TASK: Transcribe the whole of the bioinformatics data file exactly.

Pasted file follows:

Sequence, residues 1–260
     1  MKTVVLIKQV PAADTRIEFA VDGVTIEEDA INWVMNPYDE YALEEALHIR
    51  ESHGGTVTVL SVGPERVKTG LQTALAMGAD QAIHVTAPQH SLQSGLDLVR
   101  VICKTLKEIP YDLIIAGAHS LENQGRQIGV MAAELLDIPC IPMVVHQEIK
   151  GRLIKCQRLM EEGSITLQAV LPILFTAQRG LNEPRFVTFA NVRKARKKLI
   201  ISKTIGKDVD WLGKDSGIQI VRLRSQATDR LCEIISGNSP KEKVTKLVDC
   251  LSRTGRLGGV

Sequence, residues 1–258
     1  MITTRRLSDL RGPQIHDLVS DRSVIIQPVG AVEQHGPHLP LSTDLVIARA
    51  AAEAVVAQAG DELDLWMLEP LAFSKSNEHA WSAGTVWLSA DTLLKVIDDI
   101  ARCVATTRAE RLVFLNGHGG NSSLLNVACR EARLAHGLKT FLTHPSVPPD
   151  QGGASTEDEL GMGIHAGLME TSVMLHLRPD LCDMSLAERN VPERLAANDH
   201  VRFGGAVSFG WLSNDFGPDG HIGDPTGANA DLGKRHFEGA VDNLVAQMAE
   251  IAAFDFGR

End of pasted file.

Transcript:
Sequence, residues 1–260
     1  MKTVVLIKQV PAADTRIEFA VDGVTIEEDA INWVMNPYDE YALEEALHIR
    51  ESHGGTVTVL SVGPERVKTG LQTALAMGAD QAIHVTAPQH SLQSGLDLVR
   101  VICKTLKEIP YDLIIAGAHS LENQGRQIGV MAAELLDIPC IPMVVHQEIK
   151  GRLIKCQRLM EEGSITLQAV LPILFTAQRG LNEPRFVTFA NVRKARKKLI
   201  ISKTIGKDVD WLGKDSGIQI VRLRSQATDR LCEIISGNSP KEKVTKLVDC
   251  LSRTGRLGGV

Sequence, residues 1–258
     1  MITTRRLSDL RGPQIHDLVS DRSVIIQPVG AVEQHGPHLP LSTDLVIARA
    51  AAEAVVAQAG DELDLWMLEP LAFSKSNEHA WSAGTVWLSA DTLLKVIDDI
   101  ARCVATTRAE RLVFLNGHGG NSSLLNVACR EARLAHGLKT FLTHPSVPPD
   151  QGGASTEDEL GMGIHAGLME TSVMLHLRPD LCDMSLAERN VPERLAANDH
   201  VRFGGAVSFG WLSNDFGPDG HIGDPTGANA DLGKRHFEGA VDNLVAQMAE
   251  IAAFDFGR